Economists refer to a time frame during which some matters can be changed but others cannot as the short run. Short-run decisions usually affect the current situation or the immediate future, in terms of governance this is management of short lifetime content objects. These can be considered disposable. The long run is a period longs enough so that any and everything can be changed. Long-run decisions usually have their impacts only after the passage of some time, and do not affect current operations in any significant sense. Most short-run governance decisions within the business enterprise are to increase or decrease something already being done and thus require marginal comparisons of benefits and costs. Long-run governance decisions usually affect the scale of the enterprise’s operations, and often involve starting something new or stopping some operation currently under way. Given the sharpest possible contrast, short-run governance decisions are “more-or-less,” whereas long-run governance decisions are “go-no go” decisions.
We may distinguish between managerial and entrepreneurial decisions. The SharePoint administrative context involves making relatively low-risk, routine decisions in regard to processes that change in smooth, continuous fashion, about which much can be known or discovered, and to which marginal analysis is applicable. In contrast, the entrepreneurial governance decision is risk-laden because it involves innovative discontinuities in operations, about which little can be known in advance, and to which marginal analysis is less likely to be applicable. As a general rule, short-run decisions are often managerial in nature, whereas long-run decisions tend to be entrepreneurial. Managerial governance decisions are matters of doing more or less of something already in process, whereas entrepreneurial governance decisions involve starting or stopping activities or significantly altering the structure, scope, or pace of extant processes.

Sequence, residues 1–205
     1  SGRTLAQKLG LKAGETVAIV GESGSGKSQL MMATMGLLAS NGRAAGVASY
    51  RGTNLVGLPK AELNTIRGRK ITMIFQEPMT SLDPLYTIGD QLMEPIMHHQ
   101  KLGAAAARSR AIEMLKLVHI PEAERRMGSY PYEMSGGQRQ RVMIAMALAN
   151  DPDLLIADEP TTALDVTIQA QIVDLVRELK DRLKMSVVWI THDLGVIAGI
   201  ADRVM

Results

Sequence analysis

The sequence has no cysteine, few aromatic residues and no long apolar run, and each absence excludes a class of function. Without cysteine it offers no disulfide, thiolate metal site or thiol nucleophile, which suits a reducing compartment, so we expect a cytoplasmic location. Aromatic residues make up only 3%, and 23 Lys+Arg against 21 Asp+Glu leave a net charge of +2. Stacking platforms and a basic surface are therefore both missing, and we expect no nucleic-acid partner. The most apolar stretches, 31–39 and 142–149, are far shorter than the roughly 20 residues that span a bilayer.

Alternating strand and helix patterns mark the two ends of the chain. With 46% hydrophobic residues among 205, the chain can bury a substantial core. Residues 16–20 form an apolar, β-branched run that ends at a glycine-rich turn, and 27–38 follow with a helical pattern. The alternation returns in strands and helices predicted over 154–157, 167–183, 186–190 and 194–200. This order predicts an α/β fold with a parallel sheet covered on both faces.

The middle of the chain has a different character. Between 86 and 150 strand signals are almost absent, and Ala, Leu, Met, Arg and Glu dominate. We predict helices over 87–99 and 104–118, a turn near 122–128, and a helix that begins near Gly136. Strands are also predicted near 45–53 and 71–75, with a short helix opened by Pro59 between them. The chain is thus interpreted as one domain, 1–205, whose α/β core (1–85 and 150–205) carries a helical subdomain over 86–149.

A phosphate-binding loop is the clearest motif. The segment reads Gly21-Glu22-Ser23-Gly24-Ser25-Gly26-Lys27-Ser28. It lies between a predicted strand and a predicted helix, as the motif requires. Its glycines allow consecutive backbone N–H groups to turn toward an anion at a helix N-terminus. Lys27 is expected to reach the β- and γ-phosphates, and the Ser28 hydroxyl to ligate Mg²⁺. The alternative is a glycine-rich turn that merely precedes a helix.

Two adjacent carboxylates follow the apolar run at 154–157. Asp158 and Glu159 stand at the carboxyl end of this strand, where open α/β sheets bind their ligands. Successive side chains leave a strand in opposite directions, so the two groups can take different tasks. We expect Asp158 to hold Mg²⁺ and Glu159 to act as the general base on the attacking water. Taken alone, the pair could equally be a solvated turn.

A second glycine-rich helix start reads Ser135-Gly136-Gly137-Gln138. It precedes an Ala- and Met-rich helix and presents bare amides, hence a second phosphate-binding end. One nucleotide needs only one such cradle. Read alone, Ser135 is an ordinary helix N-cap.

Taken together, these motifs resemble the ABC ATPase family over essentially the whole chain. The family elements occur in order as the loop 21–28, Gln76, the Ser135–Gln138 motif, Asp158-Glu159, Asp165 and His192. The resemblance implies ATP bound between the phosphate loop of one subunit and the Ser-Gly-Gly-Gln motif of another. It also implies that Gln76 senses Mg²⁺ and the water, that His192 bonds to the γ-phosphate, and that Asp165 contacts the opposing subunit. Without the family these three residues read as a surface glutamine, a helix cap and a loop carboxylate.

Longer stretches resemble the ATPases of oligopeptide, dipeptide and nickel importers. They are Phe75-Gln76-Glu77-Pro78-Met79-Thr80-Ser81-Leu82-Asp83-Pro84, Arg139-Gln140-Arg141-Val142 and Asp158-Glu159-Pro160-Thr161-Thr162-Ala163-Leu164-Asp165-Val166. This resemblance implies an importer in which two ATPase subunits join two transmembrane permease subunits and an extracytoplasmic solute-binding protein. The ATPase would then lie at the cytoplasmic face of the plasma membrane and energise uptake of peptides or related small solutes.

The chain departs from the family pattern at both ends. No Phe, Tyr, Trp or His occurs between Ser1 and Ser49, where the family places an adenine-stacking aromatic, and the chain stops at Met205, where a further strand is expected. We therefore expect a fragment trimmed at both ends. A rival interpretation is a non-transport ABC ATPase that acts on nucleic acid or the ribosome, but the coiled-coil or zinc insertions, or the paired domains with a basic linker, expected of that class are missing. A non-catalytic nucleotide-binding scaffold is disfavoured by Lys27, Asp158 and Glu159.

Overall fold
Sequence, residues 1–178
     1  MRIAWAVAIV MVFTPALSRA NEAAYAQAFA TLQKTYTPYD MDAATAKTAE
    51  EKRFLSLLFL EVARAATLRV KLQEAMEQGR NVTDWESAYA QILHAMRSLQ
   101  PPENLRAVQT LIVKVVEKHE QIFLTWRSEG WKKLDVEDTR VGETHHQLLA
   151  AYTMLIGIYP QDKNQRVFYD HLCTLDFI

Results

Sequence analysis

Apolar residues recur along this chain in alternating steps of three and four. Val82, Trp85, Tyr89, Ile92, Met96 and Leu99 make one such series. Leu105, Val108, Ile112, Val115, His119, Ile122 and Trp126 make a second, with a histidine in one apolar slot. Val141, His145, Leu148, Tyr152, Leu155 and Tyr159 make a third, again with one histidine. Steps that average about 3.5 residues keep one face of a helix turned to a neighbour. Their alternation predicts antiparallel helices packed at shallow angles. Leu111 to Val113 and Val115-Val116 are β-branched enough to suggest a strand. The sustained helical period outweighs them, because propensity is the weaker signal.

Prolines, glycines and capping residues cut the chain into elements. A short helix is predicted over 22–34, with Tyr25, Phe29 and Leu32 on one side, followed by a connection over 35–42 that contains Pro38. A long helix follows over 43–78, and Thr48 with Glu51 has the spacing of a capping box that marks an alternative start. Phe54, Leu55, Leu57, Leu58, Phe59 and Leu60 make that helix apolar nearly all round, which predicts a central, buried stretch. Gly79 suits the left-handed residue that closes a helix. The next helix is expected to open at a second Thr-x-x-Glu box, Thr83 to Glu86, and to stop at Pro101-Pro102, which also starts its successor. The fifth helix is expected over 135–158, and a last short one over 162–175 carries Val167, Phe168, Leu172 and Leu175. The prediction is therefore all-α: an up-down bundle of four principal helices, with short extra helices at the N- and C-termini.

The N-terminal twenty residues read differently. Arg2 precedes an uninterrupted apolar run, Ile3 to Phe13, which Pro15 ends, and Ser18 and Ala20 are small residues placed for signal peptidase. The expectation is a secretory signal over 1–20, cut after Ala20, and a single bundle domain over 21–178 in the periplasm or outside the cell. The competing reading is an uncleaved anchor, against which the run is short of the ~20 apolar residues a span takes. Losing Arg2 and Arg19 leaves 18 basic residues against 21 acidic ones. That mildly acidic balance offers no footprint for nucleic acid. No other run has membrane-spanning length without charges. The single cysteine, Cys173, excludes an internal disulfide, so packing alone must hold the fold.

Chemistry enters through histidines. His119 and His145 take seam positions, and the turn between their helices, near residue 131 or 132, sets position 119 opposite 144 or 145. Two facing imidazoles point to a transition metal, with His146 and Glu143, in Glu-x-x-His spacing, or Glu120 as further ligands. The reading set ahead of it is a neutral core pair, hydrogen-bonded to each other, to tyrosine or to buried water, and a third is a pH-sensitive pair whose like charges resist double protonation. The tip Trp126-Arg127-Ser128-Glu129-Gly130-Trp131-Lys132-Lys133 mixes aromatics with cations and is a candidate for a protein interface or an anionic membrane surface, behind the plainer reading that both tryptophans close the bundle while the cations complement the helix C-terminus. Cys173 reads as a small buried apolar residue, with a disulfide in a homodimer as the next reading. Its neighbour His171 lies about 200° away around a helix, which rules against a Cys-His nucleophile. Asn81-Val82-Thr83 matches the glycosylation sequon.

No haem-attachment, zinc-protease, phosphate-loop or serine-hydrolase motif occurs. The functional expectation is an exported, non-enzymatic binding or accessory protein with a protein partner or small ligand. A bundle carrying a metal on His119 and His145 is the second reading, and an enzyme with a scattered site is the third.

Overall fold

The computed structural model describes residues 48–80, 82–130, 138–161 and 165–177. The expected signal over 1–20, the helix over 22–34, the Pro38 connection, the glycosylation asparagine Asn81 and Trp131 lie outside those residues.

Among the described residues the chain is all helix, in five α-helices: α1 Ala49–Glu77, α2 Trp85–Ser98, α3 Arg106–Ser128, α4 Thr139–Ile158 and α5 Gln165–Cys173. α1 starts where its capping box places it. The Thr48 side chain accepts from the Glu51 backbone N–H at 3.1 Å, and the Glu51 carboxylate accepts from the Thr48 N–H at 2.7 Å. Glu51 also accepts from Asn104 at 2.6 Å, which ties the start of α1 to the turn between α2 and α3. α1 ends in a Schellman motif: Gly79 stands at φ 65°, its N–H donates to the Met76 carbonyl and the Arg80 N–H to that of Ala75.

This brief survey of the range of settings for managerial decision making and the dimensions of the SharePoint decision problem should convey something of the magnitude of the task before us in identifying the criteria for rational decision making in a variety of contexts. The study of governance economics is, in effect, applied microeconomic analysis. But it is much more than an application of general economic principles. Governance economics brings together economic theory, the methodology of modeling relationships, the statistical process of function specification, and the application of algebra, geometry, and calculus to the decision process.
This series is a lot of parts that I am quasi-using pieces of for a academic research paper stance so bear with me if it gets too esoteric. Or read the other governance articles available within the SharePoint Security category within the main site (available through the parent menu).